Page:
Tragedy spotlights the importance of organ donation

Tragedy spotlights the importance of organ donation

The tragic story of Maureen Oleskiewicz’s choking death during the Cubs game at Wrigley Field last week has put a spotlight on the importance of organ donation.

Published reports say the 28 year old junior high school teacher’s heart and kidneys were donated offering the gift of life to the recipients.

“Her heart went to a 14 -year old and so even in death she’s still giving,” her mother told CBS-2. “We have an angel upstairs watching over us now.”

As a physician and chair of emergency medicine at Advocate Illinois Masonic Medical Center, Dr. Patricia Lee, says she’s seen the good that can come of such donations.

“It’s the biggest gift that can come out of a tragedy—to help others live healthier lives,” Dr. Lee says. “Anyone, of any age, can register to be an organ donor.”

Registration for the Illinois Organ/Tissue Donor Registry can easily be completed online, through the state’s Donate Life Illinois website or through the Gift of Hope. All you need is your Illinois driver’s license or state ID number, name, address, telephone and email address. According to Donate Life Illinois, just over half of the state’s residents have registered to be organ and tissue donors.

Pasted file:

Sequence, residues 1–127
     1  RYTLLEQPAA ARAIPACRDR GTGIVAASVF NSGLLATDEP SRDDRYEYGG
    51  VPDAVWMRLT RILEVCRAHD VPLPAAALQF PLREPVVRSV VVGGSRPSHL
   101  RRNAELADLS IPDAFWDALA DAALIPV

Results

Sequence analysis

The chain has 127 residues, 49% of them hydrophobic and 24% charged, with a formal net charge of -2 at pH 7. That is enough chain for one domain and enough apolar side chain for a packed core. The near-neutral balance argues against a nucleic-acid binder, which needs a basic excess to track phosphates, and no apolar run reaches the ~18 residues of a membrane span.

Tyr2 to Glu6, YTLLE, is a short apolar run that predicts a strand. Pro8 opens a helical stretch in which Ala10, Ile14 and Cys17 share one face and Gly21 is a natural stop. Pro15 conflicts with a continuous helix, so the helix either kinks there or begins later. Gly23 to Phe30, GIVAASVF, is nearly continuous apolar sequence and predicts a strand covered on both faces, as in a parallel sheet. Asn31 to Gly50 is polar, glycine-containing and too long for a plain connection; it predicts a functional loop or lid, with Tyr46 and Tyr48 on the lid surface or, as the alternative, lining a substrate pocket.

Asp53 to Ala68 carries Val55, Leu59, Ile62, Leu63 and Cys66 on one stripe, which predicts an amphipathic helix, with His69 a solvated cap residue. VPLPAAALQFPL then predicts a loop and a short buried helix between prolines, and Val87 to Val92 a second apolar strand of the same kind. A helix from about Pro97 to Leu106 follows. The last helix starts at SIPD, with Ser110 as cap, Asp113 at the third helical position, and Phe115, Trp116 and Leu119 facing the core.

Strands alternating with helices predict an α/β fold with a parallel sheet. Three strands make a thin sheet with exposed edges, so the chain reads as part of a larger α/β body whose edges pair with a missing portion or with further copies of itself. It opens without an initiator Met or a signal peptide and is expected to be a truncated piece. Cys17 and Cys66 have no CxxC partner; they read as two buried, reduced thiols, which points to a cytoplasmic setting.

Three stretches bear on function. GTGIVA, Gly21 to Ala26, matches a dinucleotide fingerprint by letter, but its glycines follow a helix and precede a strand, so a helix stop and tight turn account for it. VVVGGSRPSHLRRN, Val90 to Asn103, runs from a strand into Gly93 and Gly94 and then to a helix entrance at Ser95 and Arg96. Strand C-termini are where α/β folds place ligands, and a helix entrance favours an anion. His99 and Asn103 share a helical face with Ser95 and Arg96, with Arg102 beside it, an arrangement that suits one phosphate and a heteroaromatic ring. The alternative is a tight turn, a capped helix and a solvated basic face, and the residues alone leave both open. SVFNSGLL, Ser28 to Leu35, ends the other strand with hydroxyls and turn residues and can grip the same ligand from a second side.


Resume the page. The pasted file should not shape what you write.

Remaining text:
“It’s really very easy. I’m an organ donor,” Dr. Lee says. “I’ve made certain my family is aware of my wishes. That’s very important for everyone who registers.”

View More: The ultimate gift: Organ donation

Dr. Lee says some people may have reservations about donating because they may think they are too sick or too old, but everyone can donate. And you can specify exactly what you’d like to donate. Major organs that can be given for transplant are the heart, liver, kidneys, pancreas and even the small intestine. Tissue donations can include corneas, bone, major veins, heart valves and skin. And one donor, just like Maureen, can affect as many as 25 lives, says Gift of Hope.

The number of people waiting for a donated organ could fill a large football stadium— twice. And every 10 minutes, someone new is added to the waiting list.

Every day, 18 of them will die waiting, because of the shortage of available organs, says the U.S. Dept. of Health and Human Services.

Read More: Nearly half of Americans willing to donate a kidney to a stranger

Dr. Lee says organ and tissue donation is a courageous decision for Maureen’s family, and families who make the decision to donate can find some comfort in life going on.

“Out of this tragedy, Maureen has touched so many people,” Dr. Lee says. “She’s still teaching, with her generosity and spirit.”

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health enews Staff
health enews Staff

health enews staff is a group of experienced writers from our Advocate Aurora Health sites, which also includes freelance or intern writers.